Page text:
When you think of injuries in college sports, you often think of big, violent events. A football player who takes a hard helmet-to-helmet hit on a kickoff return, for example, or a basketball player who tears his or her knee trying to block a dunk.

While these injuries can and do happen, often in dramatic fashion, one study found that simple overuse was the root cause of about 30 percent of all injuries.

Low-Contact Sports

The study came out in the scientific publication put out by the National Athletic Trainers' Association, known as the Journal of Athletic Training. Reports noted that low-contact sports, especially those with repetitive motions, were especially problematic.

Forget about that football player getting wrecked on a kick return for a moment. The emphasis of the study, then, is on things like tennis and distance running. In both, athletes train for a long time, doing the same thing over and over again. In running, the cumulative effect of all that pounding can be incredibly hard on the knees; in tennis, issues could be in the elbow or shoulder.

These are quiet, behind-the-scenes injuries. They're things that often go unnoticed and don't happen in front of crowds of thousands of fans. But they can be just as problematic for the athletes involved, leading to the need for surgery, rehabilitation, and many other expensive treatments.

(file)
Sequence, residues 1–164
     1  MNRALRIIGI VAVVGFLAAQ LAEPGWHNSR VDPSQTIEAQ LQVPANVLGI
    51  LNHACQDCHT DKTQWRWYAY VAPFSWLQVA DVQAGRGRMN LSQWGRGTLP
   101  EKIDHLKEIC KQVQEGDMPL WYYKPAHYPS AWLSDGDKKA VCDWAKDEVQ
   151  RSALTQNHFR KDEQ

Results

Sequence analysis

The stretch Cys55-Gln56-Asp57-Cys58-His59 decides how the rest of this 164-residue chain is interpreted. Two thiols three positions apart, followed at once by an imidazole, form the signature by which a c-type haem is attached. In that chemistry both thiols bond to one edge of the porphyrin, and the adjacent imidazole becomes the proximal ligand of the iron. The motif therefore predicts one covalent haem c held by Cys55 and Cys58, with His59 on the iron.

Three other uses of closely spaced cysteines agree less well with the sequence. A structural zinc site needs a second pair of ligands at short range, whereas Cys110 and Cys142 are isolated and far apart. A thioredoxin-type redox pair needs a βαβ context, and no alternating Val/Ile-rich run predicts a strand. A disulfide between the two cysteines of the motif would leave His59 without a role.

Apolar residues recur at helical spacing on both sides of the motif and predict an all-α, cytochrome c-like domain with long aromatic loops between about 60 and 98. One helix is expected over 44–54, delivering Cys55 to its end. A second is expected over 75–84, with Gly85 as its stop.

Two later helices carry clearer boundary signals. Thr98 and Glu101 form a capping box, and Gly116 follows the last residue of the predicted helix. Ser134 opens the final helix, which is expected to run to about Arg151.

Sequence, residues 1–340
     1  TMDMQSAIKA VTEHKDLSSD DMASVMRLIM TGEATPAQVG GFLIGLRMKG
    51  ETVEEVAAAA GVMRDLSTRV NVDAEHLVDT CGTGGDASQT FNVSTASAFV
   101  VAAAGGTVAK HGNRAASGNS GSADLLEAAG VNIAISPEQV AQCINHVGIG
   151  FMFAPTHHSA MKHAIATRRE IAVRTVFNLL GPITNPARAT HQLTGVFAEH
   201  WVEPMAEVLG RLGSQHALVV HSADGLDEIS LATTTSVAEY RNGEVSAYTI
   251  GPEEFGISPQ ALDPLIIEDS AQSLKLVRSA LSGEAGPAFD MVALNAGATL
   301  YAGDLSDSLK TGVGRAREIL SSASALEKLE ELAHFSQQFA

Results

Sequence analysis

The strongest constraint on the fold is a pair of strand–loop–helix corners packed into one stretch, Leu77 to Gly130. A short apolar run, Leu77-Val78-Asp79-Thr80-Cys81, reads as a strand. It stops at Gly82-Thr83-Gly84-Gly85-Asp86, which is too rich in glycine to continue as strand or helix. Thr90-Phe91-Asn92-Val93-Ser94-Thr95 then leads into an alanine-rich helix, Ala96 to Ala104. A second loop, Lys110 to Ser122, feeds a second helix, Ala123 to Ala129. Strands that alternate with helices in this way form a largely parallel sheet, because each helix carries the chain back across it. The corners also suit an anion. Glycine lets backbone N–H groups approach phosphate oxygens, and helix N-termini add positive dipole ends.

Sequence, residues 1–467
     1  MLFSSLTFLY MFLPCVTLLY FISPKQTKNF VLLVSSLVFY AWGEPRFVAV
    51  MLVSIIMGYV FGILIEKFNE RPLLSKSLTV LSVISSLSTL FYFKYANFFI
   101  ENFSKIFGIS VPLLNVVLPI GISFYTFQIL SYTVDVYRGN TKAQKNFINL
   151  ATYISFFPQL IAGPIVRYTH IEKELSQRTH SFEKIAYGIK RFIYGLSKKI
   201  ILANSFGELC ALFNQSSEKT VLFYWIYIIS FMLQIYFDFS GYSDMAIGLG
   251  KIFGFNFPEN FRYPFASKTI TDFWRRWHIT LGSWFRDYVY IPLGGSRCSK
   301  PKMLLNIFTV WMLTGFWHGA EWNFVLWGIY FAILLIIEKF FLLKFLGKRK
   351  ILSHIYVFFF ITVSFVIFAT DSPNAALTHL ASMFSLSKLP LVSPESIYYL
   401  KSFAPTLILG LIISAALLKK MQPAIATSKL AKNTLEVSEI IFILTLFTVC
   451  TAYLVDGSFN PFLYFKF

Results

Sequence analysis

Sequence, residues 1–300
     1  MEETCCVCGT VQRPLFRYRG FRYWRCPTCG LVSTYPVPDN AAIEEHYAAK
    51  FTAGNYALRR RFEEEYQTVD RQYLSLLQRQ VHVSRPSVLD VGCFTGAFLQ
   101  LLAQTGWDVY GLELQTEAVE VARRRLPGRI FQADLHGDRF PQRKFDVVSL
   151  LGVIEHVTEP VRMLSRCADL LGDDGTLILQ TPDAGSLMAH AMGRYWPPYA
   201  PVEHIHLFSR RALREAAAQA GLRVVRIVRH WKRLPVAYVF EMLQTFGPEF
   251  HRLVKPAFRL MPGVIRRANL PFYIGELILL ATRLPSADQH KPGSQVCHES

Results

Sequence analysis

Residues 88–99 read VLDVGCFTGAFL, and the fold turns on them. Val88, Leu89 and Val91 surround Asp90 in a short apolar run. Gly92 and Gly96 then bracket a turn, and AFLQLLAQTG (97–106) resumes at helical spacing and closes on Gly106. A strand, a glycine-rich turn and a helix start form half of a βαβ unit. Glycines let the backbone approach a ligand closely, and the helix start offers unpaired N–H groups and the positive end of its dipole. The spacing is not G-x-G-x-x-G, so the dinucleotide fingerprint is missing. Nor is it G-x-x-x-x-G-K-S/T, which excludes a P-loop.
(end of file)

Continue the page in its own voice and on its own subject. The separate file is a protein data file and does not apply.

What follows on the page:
For college athletes, who aren't even paid outside of their scholarships, the question of fault -- and who should pay for the needed treatment -- is important. Is the college at fault for allowing students to practice too much? Is the coach at fault for pushing the athletes too hard? Is the institution to blame for not providing proper equipment, facilities, or coaching? All of these are big questions that can help determine where the blame lies.

Students need to make sure they know their rights to compensation when someone else is to blame. Remember, just because an injury wasn't dramatic and immediate doesn't mean it couldn't have been avoided. Athletes bring in millions of dollars every year, putting their own bodies on the line for their schools, and they need to know they're protected when injuries happen.